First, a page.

The Financial Express

Bangladesh Taka falls against US dollar, commodities turn costlier

| Updated: September 26, 2021 20:58:33

Bangladesh Taka falls against US dollar, commodities turn costlier

Bangladesh Taka (BDT) has depreciated by 50 poisha against the US dollar during the past one month, making imports costlier and heating up the commodity market.

Economists and businesses said depreciation of taka coupled with soaring prices of some essential commodities in the international market has hit the consumers hard.

However, they say, exporters and remitters are gaining from the loss of value of the taka and the rise of the dollar.

Sources said higher demand for the greenback for settling the import- payment obligations and lower inflow of the greenback mainly made the forex-market a bit overheated.

The US dollar was quoted at Tk 85.30 each on the inter-bank foreign-exchange market on Monday against Tk 84.80 on August 17. It was Tk 85.25 on Sunday.

Depreciation of the local currency started on August 18 last to meet the growing demand for the US currency on the market, according to market operators.

The central bank has already extended its foreign-currency liquidity support to the banks to settle their import-payment obligations, a senior official of the Bangladesh Bank (BB) told the FE.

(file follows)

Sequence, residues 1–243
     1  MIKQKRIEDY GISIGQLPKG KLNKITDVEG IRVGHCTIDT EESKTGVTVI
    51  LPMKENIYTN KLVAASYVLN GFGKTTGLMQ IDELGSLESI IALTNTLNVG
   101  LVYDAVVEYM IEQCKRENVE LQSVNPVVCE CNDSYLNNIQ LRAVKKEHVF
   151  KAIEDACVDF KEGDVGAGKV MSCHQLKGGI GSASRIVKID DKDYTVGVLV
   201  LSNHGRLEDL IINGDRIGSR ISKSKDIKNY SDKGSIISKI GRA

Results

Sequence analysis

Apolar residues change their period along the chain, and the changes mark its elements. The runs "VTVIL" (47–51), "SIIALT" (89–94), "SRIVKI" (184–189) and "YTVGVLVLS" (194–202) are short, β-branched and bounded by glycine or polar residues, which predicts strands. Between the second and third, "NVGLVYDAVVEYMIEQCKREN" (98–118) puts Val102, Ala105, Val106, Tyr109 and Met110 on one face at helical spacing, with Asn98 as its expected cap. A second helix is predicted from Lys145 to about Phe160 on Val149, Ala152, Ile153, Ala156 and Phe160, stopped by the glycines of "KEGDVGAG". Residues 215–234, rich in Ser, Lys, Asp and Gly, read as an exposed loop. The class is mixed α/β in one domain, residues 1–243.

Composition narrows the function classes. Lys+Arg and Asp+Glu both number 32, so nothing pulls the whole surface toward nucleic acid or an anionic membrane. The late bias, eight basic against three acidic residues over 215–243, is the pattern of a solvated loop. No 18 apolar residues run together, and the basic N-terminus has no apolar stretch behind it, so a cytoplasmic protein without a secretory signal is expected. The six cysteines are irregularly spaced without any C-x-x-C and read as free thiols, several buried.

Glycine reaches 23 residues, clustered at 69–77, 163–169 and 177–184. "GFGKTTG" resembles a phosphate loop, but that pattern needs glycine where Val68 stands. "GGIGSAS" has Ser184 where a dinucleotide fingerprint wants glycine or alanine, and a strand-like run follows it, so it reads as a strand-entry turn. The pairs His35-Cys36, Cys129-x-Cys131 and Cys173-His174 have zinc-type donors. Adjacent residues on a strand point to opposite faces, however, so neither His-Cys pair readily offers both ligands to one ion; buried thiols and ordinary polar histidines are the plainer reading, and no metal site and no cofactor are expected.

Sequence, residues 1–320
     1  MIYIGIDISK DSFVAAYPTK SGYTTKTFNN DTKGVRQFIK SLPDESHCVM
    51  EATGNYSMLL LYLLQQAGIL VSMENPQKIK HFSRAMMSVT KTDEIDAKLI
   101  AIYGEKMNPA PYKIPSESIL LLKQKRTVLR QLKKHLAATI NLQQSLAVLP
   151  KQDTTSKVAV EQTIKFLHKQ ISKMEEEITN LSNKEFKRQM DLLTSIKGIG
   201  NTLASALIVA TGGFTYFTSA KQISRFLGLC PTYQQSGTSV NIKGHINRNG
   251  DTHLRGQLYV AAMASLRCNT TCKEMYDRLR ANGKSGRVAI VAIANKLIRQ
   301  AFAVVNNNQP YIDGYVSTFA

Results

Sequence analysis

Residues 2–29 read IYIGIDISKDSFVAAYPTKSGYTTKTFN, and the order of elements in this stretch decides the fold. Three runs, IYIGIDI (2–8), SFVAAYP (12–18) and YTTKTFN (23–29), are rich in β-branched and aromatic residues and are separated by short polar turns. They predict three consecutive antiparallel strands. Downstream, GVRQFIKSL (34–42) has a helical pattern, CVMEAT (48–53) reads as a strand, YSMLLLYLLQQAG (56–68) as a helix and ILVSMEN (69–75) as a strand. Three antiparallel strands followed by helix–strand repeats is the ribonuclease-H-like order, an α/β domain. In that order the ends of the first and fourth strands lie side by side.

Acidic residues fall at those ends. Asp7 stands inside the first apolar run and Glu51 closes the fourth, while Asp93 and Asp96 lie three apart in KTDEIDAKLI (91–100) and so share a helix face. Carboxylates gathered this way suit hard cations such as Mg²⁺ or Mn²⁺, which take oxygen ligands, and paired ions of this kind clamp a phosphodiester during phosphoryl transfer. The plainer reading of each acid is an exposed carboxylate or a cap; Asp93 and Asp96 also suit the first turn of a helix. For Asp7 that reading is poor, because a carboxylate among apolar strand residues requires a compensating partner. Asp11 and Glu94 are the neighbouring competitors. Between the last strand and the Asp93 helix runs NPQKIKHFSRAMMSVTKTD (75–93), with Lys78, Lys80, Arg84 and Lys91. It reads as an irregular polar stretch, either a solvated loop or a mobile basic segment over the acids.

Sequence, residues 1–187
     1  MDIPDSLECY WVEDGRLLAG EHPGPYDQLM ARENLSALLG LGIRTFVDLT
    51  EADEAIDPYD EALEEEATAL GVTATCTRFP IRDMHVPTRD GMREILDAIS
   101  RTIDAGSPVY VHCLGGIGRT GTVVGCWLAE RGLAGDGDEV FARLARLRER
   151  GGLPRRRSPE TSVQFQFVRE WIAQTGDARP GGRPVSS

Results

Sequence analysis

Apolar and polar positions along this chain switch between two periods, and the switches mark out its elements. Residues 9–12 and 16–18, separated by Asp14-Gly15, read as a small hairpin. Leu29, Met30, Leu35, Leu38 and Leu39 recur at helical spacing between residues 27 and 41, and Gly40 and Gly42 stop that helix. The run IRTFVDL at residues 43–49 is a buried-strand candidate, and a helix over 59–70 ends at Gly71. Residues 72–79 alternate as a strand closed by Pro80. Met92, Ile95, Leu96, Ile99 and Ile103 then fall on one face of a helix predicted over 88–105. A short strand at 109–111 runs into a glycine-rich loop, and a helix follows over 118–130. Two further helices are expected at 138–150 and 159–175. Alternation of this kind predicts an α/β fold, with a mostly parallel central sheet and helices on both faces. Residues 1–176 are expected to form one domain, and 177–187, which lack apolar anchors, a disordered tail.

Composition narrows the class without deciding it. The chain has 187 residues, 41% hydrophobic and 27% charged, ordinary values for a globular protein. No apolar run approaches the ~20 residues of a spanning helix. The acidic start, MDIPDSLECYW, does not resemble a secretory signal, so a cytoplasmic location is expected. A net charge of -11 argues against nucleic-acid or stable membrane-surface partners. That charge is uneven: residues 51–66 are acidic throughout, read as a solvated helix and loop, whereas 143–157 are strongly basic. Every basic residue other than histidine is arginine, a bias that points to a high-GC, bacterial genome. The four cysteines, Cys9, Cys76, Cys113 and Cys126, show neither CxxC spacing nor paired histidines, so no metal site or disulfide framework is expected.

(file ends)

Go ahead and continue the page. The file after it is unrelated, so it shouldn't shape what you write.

"We may continue providing such foreign-currency support to the banks in line with the market requirement," the central bank noted.

As part of the moves, the BB sold US$10 million to a state-owned commercial bank on Monday to meet the growing demand for the greenback.

The BDT's latest depreciation came against the backdrop of higher outflow of foreign exchange than inflow in recent days, the market operators explained.

They also said lower inflow of remittances also pushed up pressure on the country's foreign-exchange market recently.

The flow of inward remittances dropped nearly 8.0 per cent to $1.81 billion in August from 1.96 billion in the same month of the previous fiscal year following the second wave of the ongoing Covid-19 pandemic.

On the other hand, import payments grew by nearly 22 per cent to $4.76 billion in July, the first month of the current fiscal year, from $3.91 billion in the same period of FY'21.

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